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Today’s Health Upgrade
The Fat Fighter
Workout of the Week
Arnold’s Corner: Monday Motivation
I have heard from a lot of you that you think you’re too injured or too old to start training.
I want you to know that it is never, ever too late. No matter how old you are and no matter what health challenges you are dealing with, training will improve your life.
We have shared countless studies in the daily newsletter about how resistance training increases bone density and helps avoid osteoporosis, protects the mind from dementia, helps prevent injuries from falls, lowers cancer risk, and helps prevent cardiovascular disease. The list goes on and on and on.
If you didn’t notice, these are the common problems that come with aging. No part of getting older isn’t made a little better with resistance training.
And I will say again: it is never too late to start.
We all have problems. Men and women have hormonal challenges that come with aging. But we are here for you and will provide workouts and information that help you.
I always believe in looking at the positive. I love that there is an unbelievable hunger among the older members of our village for fitness knowledge. Our younger members want to get their parents and grandparents training so they can be healthier longer for their kids and grandkids.
It does not matter if you’re starting from nothing. What matters is that you start.
I’m here for you. And I want you to know that even though you see me as Mr. Universe and the Terminator, I’ve also had to start from scratch.
When I had my heart surgery five years ago, a non-invasive procedure went south and became full-blown open-heart surgery. I told the story about coming back from that in my e-book, which many of you downloaded when you subscribed.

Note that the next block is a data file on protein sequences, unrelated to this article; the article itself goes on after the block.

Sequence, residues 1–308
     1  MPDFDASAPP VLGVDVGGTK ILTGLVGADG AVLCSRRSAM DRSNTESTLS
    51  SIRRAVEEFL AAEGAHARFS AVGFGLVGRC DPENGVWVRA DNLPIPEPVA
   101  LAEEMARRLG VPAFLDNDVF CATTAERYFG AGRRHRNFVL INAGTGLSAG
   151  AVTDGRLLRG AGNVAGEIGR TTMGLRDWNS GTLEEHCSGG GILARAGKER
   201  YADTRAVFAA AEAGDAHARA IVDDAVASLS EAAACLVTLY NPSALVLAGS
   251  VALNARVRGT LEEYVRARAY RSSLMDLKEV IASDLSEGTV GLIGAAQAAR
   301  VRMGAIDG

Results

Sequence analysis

Since I was starting from zero, my daily exercises became the breathing exercises that would keep me from getting pneumonia, the big danger for patients after open-heart surgery. Then, there were walks around the nursing station. Eventually, I went home and walked around my property.
The key was, even though I wasn’t doing my normal training, I was training. I was keeping track of my reps — instead of 5 sets of 10 reps of barbell rows, I was doing reps of breathing exercises. I was doing reps of walking. And eventually, I was doing reps of exercises without any weights, just going through the motions. Eventually, my doctors cleared me to add weight, and I was ready to film Terminator 6 three and a half months later with no limitations.
No one had ever seen video of me during this time. But I shared it with my little app village two weeks ago to help inspire a few of our users who were worried about coming back from their own surgeries. And now, I’m sharing it with you.
I don’t love seeing myself with the walker. But I want you to know that even if you think you’re too old, too out of shape, or too unhealthy, we all have times when we have to start from nothing.
Remember: it doesn’t matter where you start. All that matters is that you start.
We will be here for you, sharing information to help you find fitness benefits no matter how old you are. Today’s workout is designed for you.
If you are too young for this one, share it with your grandparents or parents. Get them hooked on the benefits of resistance training.
Let’s get started.
The Fiber That Fights Fat